winning without legal help is slim. DMV does not care if you need to
drive for work or school purposes."

Again, it may not be fair, but a hearing to consider the suspension of
your license isn't a criminal trial, and you don't have all the rights
you would have if it were a criminal case.   The only real issues at
this point are whether your arrest was legal (you haven't said
anything to indicate otherwise, and if the officer smelled alcohol on
your breath and followed proper procedures it probably was) and
whether the alcohol tests given you were accurate.  That explains why
all the cases I was able to find on this matter related to those
issues; other factors are irrelevant in this process.  Again, it may
not be fair, but that's the law.  (If you're also facing prosecution
under the criminal law, you'll have more rights in that process.)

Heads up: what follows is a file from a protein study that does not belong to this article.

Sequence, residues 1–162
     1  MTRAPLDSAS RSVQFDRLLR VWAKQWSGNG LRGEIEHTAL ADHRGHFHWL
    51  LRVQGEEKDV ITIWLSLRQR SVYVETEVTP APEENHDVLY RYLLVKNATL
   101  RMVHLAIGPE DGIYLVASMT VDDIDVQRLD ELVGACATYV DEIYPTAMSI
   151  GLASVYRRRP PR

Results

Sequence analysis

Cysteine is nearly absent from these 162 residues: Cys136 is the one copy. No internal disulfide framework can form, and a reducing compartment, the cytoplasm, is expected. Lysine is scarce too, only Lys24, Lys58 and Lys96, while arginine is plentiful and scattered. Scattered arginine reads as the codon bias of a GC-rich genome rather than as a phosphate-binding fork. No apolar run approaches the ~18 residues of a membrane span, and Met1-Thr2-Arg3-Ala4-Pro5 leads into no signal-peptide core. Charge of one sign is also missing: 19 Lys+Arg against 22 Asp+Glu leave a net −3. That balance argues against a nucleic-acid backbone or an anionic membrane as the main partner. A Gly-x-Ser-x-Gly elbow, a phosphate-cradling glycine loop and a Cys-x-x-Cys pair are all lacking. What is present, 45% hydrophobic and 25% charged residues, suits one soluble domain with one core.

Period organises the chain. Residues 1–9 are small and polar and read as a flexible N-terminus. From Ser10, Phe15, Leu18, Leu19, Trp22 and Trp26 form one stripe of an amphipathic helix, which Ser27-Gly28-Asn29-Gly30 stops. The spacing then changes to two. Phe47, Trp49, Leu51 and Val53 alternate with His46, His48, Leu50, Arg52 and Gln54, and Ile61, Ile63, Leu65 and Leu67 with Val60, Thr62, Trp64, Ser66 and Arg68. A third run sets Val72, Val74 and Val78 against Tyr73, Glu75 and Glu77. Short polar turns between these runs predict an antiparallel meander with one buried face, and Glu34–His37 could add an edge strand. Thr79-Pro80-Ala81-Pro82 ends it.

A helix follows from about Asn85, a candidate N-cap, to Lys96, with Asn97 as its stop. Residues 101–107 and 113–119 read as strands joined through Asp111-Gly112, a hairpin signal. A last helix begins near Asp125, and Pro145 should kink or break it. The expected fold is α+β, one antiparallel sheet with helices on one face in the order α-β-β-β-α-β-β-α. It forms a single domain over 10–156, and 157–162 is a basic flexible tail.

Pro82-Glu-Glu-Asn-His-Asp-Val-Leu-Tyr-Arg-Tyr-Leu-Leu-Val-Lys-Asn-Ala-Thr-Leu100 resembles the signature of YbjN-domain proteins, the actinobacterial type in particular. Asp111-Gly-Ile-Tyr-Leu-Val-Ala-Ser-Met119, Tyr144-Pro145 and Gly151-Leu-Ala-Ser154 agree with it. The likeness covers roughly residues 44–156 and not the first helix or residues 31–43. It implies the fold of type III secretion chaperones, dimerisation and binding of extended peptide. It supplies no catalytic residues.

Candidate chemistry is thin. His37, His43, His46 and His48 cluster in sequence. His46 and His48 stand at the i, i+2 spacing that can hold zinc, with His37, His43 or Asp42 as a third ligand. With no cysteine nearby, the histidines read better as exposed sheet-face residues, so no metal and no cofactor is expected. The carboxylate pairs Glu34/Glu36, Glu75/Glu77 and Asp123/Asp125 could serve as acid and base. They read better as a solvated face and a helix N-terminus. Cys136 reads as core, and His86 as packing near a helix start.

To summarize, even if you were justified in driving under the
influence, it's irrelevant in the administrative hearing to suspend
your license.  It may be relevant if there is any subsequent criminal
action against you.

With all due respect, I believe you may have made the wrong decision
in not having an attorney at your hearing.  I realize that $5,000 is a
lot of money, and that's more money than I would have to fight a
license suspension, so your decision is understandable, and I can't
say I wouldn't have done the same thing.  But you're facing issues now
that are beyond the ability of the typical non-lawyer to handle. 
There are good reasons (and not just selfish ones on the lawyer's
part) why the attorney who talked to you said you should have

Back to your clarification request:  What you want to know is what do
you do now that your DMV hearing didn't go well.  That's beyond the
scope of the original question, but I'll give you the best answer I
can.  Here's what attorney Robert M. Wilson says on his site:

"Following the hearing, you have the right to be provided a decision
in writing. Should the decision resulting from the hearing be against
you, you have the right to request the department to conduct an